U.S. Army forces in Europe are preparing for a major journey from Germany to Hungary as part of a training exercise and effort to strengthen a U.S.-Hungarian alliance, service officials said.
The exercise will begin with a 700 kilometer Stryker unit convoy to demonstrate mobility and move from Germany across the Danube River into Hungary.
"Later this year, we will conduct an operation called Brave Warrior where we road march over 700 kilometers from Germany across the Danube river into Hungary. Then we are going to spend two months training with the Hungarians," said Col. John Meyer, Commander, 2nd Cavalry Regiment, U.S. Army Europe.
While not explicitly designed to signal messages to the Russians in light of ongoing tensions, the journey and the training are designed to demonstrate U.S. mobility and resolve with its allies, Meyer explained.
"One of the fundamental responsibilities we have is to reassure our allies and build capability across the alliance," he said. "We can move a formation over 2,000 kilometers across Europe to get to where we are going."
The convoy is slated to take place in September and October of this year, he added.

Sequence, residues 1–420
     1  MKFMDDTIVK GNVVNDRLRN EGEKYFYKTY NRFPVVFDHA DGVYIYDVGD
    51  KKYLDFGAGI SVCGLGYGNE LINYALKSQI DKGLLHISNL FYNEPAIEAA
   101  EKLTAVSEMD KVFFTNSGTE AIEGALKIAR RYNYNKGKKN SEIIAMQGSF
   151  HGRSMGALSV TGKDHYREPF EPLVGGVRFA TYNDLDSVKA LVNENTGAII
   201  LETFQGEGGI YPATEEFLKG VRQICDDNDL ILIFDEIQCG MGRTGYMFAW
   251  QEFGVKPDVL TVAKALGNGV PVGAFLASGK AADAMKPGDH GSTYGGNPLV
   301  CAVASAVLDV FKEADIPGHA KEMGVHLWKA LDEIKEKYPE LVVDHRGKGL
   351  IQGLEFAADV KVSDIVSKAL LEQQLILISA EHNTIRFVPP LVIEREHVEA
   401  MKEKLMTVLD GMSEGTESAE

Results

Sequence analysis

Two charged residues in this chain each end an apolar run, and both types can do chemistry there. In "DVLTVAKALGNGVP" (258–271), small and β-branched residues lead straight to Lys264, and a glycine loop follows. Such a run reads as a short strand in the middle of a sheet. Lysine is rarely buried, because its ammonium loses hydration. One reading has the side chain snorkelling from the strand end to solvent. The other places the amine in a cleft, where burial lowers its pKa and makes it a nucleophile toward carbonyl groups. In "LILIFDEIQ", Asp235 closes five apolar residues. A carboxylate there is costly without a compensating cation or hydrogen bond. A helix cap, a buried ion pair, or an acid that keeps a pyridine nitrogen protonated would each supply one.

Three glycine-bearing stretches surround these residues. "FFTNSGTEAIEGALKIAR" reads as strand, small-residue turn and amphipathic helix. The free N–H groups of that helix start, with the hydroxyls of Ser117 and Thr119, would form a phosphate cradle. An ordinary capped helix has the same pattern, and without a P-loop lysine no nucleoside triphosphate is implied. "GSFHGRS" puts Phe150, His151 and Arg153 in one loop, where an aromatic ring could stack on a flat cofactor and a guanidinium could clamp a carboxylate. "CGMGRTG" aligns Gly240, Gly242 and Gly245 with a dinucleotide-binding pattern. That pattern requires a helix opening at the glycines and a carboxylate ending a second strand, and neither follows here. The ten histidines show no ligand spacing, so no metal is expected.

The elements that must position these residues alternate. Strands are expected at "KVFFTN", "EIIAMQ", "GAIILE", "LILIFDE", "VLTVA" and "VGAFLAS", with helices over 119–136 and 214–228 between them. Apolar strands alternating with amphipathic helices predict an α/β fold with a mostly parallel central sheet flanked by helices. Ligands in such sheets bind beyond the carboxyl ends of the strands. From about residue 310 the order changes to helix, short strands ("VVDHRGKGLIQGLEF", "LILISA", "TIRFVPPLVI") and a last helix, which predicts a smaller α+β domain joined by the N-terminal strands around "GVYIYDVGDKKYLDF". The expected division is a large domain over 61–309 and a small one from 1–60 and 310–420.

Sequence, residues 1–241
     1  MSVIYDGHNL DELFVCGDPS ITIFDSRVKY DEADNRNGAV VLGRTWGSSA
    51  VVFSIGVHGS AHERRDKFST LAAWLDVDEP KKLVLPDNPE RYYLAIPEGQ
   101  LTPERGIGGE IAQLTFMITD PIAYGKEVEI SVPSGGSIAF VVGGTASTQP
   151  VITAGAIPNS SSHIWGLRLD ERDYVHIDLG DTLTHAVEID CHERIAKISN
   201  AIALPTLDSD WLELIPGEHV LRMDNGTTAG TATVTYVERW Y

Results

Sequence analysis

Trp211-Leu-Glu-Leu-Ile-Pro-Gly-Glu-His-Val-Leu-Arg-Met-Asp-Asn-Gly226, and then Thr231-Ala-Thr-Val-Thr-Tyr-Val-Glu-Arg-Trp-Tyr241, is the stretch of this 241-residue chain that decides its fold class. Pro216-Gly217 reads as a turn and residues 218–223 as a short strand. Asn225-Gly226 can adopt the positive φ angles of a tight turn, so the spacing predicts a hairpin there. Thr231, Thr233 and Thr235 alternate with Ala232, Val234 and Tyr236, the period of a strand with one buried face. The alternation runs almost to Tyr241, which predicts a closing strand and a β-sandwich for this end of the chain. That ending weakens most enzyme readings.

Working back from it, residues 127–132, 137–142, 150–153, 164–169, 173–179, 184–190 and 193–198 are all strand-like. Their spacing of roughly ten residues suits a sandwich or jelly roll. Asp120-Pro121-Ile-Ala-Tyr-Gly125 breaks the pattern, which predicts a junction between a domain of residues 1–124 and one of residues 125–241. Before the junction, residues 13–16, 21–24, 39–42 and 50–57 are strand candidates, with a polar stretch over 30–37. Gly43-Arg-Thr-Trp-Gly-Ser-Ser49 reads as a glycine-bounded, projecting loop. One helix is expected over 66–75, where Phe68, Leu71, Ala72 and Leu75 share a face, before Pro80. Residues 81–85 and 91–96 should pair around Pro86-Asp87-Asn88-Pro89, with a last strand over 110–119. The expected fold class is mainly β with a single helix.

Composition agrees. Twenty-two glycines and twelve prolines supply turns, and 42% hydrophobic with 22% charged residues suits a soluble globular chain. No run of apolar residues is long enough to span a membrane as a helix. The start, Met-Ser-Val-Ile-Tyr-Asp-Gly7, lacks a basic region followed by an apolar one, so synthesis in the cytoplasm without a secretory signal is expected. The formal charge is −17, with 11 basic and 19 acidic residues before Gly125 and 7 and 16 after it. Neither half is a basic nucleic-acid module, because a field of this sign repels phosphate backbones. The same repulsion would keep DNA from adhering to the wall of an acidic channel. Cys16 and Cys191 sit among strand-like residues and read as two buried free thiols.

"The unit will drive its Stryker infantry vehicles from Germany through the Czech Republic and into Hungary for a series of exercises with the Hungarian Army. It is an opportunity for us to strengthen our alliance and our partners in the region. The 2nd Cavalry Regiment is at the tip of the spear for our Army, building capacity with our allies in that part of the world," Lt. Col. Joe Buccino, Army spokesman, told Military.com.
Meyer further explained that the U.S. and its NATO allies do not think of Russia as an adversary but did say U.S. European allies are concerned about Russia's recent activities.
"The countries we are training with are concerned about Russia as a threat to the stability of Europe. We want a strong Europe," he said.
The upcoming exercise and journey comes on the heels of a massive 1,800 kilometer Army convoy through six countries from Estonia to Germany earlier this year called the Dragoon Ride.
"Strykers provide operational mobility. They provide a capability that the other formations in the United States Army cannot provide - the ability to maneuver throughout the alliance," Meyer said.
The Army is also looking to acquire a new 30mm cannon for the vehicle to increase its lethality. The additional weapon is designed to allow Strykers to better position themselves to fire anti-armor weapons by using the 30mm cannon to destroy lighter obstacles, Meyer explained
"The 30mm cannon is designed to facilitate our anti-armor capability. Javelin missiles are anti-armor and what we use to destroy armor," Meyer added.
-- Kris Osborn can be reached at Kris.Osborn@military.com